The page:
In the largest announced deal of its kind this year, a group of financial advisers who managed $1 billion in assets at UBS Wealth Management Americas left the massive Swiss-owned brokerage to start an independent firm with offices in the Western United States.
Veteran brokers Timothy B. Kneen and Clayton E. Hartman traded employment at UBS for an equity stake in Focus Financial Partners and their own advisory firm this month, Mr. Hartman said Tuesday.
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This appears to be the largest team so far this year to move into the independent sphere without the backing of a broker-dealer powerhouse like LPL Financial, Ameriprise Financial Services Inc. or Raymond James Financial Services Inc.
Instead, the founding of IFM Capital Advisors is a victory for the new firm's service provider, Fidelity Institutional Wealth Services, and Focus, one of the largest investors in independent advisers' practices. And it lends early evidence to a prediction by the firm's chief executive, Ruediger “Rudy” Adolf, recently bolstered by a half-billion dollar deal-making war chest, that the year would see increased movement by brokers to the independent space.
The departing team includes 17 former UBS employees, as well as adviser Thomas A. Dempster, who will run a Sioux Falls, S.D.-based office. Mr. Dempster is a former Republican South Dakota state senator who left office when he reached a statutory term limit.
Mr. Kneen will run the firm's Denver office, while Mr. Hartman will be based in Fort Collins, Colo.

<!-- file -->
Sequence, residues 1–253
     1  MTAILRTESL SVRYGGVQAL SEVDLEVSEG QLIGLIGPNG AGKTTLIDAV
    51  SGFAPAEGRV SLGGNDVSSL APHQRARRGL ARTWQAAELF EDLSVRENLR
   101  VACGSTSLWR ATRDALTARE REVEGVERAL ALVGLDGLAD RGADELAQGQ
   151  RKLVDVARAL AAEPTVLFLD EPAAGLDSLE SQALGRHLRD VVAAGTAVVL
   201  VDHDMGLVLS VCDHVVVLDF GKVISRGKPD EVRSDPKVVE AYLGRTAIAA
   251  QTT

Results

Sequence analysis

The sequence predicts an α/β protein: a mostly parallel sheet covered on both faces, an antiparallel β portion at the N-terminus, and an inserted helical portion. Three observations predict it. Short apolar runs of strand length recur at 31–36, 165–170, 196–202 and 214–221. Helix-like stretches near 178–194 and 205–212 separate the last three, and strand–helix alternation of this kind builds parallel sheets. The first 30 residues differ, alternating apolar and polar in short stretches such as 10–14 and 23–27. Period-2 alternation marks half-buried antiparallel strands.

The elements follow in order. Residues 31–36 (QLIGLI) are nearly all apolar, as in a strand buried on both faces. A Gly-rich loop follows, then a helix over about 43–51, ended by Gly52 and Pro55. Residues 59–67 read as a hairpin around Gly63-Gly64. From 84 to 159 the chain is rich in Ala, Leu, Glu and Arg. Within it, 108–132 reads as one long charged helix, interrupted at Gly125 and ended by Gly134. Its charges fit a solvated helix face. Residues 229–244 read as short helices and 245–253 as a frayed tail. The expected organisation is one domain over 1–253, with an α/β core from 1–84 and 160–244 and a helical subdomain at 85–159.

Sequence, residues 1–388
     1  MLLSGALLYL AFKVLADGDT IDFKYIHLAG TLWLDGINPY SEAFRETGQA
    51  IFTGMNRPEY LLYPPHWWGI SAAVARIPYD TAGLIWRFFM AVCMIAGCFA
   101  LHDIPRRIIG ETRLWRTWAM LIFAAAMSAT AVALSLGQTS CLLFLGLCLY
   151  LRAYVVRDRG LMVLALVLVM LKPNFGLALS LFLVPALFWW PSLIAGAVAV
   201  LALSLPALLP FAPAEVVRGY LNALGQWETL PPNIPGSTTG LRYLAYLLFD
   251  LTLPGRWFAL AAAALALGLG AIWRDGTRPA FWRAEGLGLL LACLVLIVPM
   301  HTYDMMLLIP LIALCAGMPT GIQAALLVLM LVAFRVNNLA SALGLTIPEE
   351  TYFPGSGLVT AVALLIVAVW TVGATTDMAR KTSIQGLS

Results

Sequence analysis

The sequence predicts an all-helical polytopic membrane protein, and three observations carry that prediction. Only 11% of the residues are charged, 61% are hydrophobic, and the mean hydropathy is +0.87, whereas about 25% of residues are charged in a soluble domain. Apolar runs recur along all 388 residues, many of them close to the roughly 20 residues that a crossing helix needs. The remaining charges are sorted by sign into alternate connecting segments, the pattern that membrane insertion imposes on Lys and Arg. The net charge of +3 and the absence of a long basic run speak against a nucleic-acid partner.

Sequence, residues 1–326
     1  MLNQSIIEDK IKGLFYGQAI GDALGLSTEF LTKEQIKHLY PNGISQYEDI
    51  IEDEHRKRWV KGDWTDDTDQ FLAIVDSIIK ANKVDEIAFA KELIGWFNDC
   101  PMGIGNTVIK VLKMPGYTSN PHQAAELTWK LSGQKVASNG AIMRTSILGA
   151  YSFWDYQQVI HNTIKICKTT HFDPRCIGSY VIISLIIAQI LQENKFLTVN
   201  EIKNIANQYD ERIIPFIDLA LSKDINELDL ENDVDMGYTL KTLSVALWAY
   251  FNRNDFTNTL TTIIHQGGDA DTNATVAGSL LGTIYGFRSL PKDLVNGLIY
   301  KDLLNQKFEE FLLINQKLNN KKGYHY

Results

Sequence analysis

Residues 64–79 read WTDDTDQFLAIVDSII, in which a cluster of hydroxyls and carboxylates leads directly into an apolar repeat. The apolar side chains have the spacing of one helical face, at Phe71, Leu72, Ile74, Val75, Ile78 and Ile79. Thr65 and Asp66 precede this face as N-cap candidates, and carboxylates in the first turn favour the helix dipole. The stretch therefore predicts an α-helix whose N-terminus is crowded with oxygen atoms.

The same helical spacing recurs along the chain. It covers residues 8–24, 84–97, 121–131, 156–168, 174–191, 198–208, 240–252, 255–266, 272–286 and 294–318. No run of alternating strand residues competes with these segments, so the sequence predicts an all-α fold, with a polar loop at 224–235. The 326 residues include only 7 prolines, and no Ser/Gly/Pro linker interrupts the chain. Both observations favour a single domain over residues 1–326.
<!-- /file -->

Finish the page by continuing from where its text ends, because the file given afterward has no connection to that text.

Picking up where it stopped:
Terms of the cash-and-equity deal were not disclosed, but the team left UBS despite owing the firm money and being entitled to deferred compensation had they stayed, according to Mindy Diamond, president of Diamond Consultants, a recruiter who worked on the deal. Ms. Diamond also said the team entertained a lucrative deal from Merrill Lynch, the Bank of America Corp.-owned wirehouse, but decided that they would “largely be trading one set of problems for another” by moving to a similar firm.
Mr. Kneen and Mr. Hartman spent six years at UBS. They are also veterans of Smith Barney, the Citigroup Inc. brokerage that was subsumed by Morgan Stanley.
In an interview, Mr. Hartman said the move would enable the team to better serve the firm's institutional and über-wealthy individual clients, noting enhanced research capabilities, customized account statements and the ability to negotiate better prices with asset managers. He said clients would see lower costs as a result of the move.
Focus actively looks to facilitate so-called breakaway deals by helping wirehouse teams form their own firms or join existing Focus partners. This deal comes on the heels of another that saw a Focus affiliate, Beirne Wealth Consulting, hire a Morgan Stanley team that managed $250 million.
But other industry officials say that despite the attention they receive from the press, moves to the independent space are typically small and do not represent a threat to wirehouses, the four large U.S. brokerages, including UBS, whose nearly 55,000 brokers manage nearly $6 trillion in assets. UBS spokesman Gregg Rosenberg declined to comment for this article.